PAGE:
AMELIA ISLAND’S GOLF COURSES
Some people play golf to enjoy the outdoors — the scenic, lush greens and fairways — as well as for the challenge of the sport. Golfers are in for a real treat here on Amelia Island, where they can choose from several wonderful golf courses. With an average annual temperature of around 70 degrees on Amelia Island, golfers can enjoy local golfing pretty much year round on this barrier island in northeast Florida.
AMELIA ISLAND SPAS
The Amelia Island Ritz-Carlton spa facility is a state-of-the-art sanctuary. Reportedly costing over $16 million to be built (a new addition a few years ago), the Ritz spa is housed in a wing featuring 27,500 square feet of indoor space and 5,000 square feet outdoors. The facility has 26 treatment rooms and offers two couples massage rooms (one of which is a wet room); two spa suites – the Ocean Suite and Seaside Suite – with a private lounge and four treatment rooms each, for parties who wish to experience treatments simultaneously; a fitness studio, and movement studio for supervised classes and personal training. The spa’s unique features include hammocks, which are used during treatments, signature spa treatments, customized treatment, and spa butlers. The Ritz-Carlton also has a private spa swimming pool for spa guests only. Inquire about spa services by contacting the Amelia Island Ritz-Carlton at 904-277-1100 (non-hotel guests are welcomed for day spa treatments).
“Miles from stress — footsteps from the sea,” The Spa, at Amelia Island Plantation, a 25-treatment-room facility, offers facial treatments, body treatments, massage, reflexology, and wet spa services such as Watsu massage and aromatherapy wrap, hydrotherapy, and Vichy showers. Not just for resort guests, the public is welcomed to enjoy spa treatments. Call Amelia Island Plantation’s “The Spa” for reservations, toll free at 877-843-7722.
Another splendid way to explore the magnificence of island nature is to do it by water. Amelia Island is surrounded by the Atlantic Ocean, has tidal creeks, marshes, and the Amelia River/intracoastal waterway, all which contain a wide array of wildlife. Birdwatchers will especially take glee in the lively bird life within the marshes. Frequently spotted are dolphins (sometimes Manatees), and even an occasional sighting of an alligator sunning itself along the marshland banks.
KAYAKING AROUND THE AMELIA ISLAND AREA
Another water adventure available to explore local nature, is to take a kayak trip with Kayak Amelia. Learn about our island and eco-system while you paddle through local marshes and creeks. Kayak Amelia provides equipment, instruction, and no prior kayaking experience is required.
According to Kayak Amelia’s web site, trips are chosen based on the tide and current that day. Examples of half day trips include a “Marsh Paddle” and “Bar Hopping” (great for birding — paddle out to a sand bar for break time and watch the egrets, herons, osprey and others critters along the way). For further information, visit their web site at www.kayakamelia.com.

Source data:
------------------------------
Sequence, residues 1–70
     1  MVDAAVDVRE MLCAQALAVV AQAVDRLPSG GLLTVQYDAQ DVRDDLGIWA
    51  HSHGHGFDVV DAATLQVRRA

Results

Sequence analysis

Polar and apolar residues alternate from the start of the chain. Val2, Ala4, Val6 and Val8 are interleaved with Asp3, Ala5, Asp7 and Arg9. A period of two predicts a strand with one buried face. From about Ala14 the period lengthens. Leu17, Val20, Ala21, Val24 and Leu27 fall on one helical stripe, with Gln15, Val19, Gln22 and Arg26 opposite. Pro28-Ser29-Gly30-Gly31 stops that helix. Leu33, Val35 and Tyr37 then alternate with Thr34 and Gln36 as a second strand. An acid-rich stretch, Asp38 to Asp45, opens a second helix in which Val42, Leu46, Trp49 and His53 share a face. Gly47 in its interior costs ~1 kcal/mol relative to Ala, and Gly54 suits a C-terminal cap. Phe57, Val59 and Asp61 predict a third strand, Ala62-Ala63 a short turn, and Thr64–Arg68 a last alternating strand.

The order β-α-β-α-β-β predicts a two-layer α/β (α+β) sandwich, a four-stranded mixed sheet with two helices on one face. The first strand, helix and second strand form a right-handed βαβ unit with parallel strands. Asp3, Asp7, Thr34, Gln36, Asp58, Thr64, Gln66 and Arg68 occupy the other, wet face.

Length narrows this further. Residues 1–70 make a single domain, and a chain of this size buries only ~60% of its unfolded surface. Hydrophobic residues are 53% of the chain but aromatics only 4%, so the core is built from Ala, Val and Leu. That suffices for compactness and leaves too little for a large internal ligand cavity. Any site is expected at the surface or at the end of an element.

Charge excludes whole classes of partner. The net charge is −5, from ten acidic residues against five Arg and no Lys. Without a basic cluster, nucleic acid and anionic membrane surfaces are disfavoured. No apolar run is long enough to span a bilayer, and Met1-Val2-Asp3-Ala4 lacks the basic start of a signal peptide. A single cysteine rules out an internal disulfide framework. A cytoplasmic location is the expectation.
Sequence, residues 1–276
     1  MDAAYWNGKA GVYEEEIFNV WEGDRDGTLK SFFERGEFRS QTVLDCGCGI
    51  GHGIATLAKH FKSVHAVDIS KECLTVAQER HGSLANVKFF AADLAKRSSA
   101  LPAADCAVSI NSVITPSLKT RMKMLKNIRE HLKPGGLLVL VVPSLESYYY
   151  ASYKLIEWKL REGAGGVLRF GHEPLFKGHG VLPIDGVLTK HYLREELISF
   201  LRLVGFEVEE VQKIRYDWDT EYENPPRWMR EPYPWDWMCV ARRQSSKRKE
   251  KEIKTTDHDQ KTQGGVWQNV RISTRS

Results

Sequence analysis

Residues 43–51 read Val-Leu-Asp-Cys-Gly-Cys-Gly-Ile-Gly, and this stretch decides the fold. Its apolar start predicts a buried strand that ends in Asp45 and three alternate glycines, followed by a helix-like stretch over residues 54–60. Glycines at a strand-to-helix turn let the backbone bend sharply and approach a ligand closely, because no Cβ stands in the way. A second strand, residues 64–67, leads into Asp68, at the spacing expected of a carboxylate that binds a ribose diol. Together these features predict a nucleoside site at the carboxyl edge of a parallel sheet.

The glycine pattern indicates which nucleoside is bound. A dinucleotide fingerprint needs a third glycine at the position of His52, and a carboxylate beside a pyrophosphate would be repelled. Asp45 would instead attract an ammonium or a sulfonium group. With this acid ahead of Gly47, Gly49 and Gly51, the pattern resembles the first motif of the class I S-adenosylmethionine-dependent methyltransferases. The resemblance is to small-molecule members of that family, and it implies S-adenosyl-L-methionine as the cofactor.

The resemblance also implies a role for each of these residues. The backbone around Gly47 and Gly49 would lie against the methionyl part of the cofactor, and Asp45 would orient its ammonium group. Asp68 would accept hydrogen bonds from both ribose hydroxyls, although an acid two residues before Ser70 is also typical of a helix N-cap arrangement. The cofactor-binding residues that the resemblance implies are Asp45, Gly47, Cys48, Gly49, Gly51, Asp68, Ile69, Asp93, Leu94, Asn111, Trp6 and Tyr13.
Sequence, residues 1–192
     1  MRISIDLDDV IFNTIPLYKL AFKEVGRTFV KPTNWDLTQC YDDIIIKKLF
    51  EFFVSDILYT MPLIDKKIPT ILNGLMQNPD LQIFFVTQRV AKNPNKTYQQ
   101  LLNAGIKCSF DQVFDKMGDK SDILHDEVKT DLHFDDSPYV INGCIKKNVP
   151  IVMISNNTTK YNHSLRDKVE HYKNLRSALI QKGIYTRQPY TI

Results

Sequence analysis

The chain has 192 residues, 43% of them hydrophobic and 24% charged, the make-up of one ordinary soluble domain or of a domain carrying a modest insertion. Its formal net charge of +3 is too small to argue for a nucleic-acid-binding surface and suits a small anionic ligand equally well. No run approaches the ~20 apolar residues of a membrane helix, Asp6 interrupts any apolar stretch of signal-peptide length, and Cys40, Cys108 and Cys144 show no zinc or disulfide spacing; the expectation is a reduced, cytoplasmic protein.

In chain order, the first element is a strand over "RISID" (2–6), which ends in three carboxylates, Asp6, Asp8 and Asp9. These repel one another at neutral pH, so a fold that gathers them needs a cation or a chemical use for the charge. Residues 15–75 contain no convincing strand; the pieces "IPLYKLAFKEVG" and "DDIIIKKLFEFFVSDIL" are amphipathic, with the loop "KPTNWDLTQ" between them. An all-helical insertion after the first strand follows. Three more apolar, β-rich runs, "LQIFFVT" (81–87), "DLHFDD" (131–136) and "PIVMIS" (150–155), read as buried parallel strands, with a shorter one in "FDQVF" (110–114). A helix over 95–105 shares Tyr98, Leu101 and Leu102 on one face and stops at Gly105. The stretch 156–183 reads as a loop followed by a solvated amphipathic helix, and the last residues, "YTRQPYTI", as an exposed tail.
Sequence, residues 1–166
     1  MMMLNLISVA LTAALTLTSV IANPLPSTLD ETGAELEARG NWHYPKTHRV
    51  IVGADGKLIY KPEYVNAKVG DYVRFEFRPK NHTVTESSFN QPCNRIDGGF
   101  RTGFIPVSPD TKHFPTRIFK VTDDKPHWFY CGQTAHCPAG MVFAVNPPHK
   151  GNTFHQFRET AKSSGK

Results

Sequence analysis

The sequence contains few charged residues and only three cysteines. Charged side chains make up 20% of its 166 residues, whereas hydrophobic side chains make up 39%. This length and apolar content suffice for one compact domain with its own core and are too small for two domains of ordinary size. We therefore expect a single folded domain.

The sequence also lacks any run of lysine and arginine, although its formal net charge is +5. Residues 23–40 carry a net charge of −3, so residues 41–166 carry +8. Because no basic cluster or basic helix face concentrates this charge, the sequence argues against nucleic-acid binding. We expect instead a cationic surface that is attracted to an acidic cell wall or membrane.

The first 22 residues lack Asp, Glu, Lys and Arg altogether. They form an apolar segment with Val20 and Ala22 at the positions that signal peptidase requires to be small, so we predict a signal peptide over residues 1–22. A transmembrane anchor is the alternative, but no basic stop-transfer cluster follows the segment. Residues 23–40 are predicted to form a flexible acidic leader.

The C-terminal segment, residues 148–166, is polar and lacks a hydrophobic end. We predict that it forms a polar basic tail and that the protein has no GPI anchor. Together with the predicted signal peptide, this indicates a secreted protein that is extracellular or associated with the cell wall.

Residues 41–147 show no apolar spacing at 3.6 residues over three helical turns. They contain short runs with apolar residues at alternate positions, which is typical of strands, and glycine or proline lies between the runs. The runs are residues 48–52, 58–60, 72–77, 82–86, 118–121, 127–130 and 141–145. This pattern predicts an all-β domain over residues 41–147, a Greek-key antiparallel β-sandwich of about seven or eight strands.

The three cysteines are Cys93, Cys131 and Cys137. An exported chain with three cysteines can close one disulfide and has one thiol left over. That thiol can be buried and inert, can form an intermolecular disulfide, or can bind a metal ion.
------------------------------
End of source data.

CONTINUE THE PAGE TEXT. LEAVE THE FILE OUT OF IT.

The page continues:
HORSEBACK RIDING ON AMELIA ISLAND BEACHES
Have you always wanted to ride horses on the beach, but never did? Amelia Island is one of the few places in Florida where you can ride horses on the beach on the southend of the island. (Actually, it’s reportedly one of the few places on the entire east coast that offers beachfront horseback riding!) If you’re interested in getting in the saddle, call Kelly Seahorse Ranch at (904)491-5166 for a reservation. The horse ranch operates out of Amelia Island State Park on the southern tip of Amelia Island.
Would you like to see horses in the wild, grazing on a largely uninhabited island? From Amelia Island, it’s about a 30-minute drive heading north to St. Marys, Georgia to catch the ferries departing to Cumberland Island (get further Cumberland Island ferry info by calling 912-882-4335). According to the National Parks Service, Cumberland Island, GA (located just across the Cumberland Sound from Amelia Island, Florida) has one of the largest maritime forests remaining in the United States and one of the largest wilderness areas in a National Seashore on the east coast. Daily visitors are limited to 300 per day (this is a 17.5 mile long island — it’s bigger than Amelia Island). For perspective, picture Manhattan island of New York with only 300 people (Manhattan is smaller in size than Cumberland Island.)
Amelia Island eZine
Latest posts by Amelia Island eZine (see all)
- Good Tidings! Festive Fernandina Holiday Happenings - November 20, 2015
- Along The River, Old Town & Fernandina Plaza - November 20, 2015
- History For Sale: Victorian-Era Homes, Fernandina Beach - November 20, 2015
- Downtown Fernandina Wins “Florida Great Places” Award - November 20, 2015
- November Nature Activities At Talbot Islands - November 2, 2015